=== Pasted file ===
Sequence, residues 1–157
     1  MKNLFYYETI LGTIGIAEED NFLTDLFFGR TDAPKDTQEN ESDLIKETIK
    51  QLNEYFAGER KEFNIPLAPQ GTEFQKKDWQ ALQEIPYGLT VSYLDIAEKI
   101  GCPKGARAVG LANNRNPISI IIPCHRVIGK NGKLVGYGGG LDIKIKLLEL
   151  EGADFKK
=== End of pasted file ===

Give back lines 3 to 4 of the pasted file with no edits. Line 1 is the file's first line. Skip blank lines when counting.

    51  QLNEYFAGER KEFNIPLAPQ GTEFQKKDWQ ALQEIPYGLT VSYLDIAEKI
   101  GCPKGARAVG LANNRNPISI IIPCHRVIGK NGKLVGYGGG LDIKIKLLEL